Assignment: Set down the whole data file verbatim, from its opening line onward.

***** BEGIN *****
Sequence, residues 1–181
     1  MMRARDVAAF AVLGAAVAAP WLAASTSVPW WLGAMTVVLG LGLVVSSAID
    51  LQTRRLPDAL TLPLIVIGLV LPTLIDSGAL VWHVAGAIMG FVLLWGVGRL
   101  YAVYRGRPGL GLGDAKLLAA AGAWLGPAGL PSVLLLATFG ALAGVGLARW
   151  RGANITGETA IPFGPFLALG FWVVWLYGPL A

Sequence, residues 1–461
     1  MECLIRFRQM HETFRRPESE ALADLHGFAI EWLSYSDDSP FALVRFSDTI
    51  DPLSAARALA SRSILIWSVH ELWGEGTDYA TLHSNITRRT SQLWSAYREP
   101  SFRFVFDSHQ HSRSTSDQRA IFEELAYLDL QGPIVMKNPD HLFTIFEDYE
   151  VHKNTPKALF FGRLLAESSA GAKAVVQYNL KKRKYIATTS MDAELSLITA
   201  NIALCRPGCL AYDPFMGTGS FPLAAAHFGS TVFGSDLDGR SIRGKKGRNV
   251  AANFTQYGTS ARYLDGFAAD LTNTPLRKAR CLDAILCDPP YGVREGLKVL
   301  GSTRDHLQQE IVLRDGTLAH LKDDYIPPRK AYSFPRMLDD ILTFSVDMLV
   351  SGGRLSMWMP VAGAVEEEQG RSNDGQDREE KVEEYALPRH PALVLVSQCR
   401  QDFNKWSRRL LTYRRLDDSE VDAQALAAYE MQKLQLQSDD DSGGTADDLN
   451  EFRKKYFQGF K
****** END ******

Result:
Sequence, residues 1–181
     1  MMRARDVAAF AVLGAAVAAP WLAASTSVPW WLGAMTVVLG LGLVVSSAID
    51  LQTRRLPDAL TLPLIVIGLV LPTLIDSGAL VWHVAGAIMG FVLLWGVGRL
   101  YAVYRGRPGL GLGDAKLLAA AGAWLGPAGL PSVLLLATFG ALAGVGLARW
   151  RGANITGETA IPFGPFLALG FWVVWLYGPL A

Sequence, residues 1–461
     1  MECLIRFRQM HETFRRPESE ALADLHGFAI EWLSYSDDSP FALVRFSDTI
    51  DPLSAARALA SRSILIWSVH ELWGEGTDYA TLHSNITRRT SQLWSAYREP
   101  SFRFVFDSHQ HSRSTSDQRA IFEELAYLDL QGPIVMKNPD HLFTIFEDYE
   151  VHKNTPKALF FGRLLAESSA GAKAVVQYNL KKRKYIATTS MDAELSLITA
   201  NIALCRPGCL AYDPFMGTGS FPLAAAHFGS TVFGSDLDGR SIRGKKGRNV
   251  AANFTQYGTS ARYLDGFAAD LTNTPLRKAR CLDAILCDPP YGVREGLKVL
   301  GSTRDHLQQE IVLRDGTLAH LKDDYIPPRK AYSFPRMLDD ILTFSVDMLV
   351  SGGRLSMWMP VAGAVEEEQG RSNDGQDREE KVEEYALPRH PALVLVSQCR
   401  QDFNKWSRRL LTYRRLDDSE VDAQALAAYE MQKLQLQSDD DSGGTADDLN
   451  EFRKKYFQGF K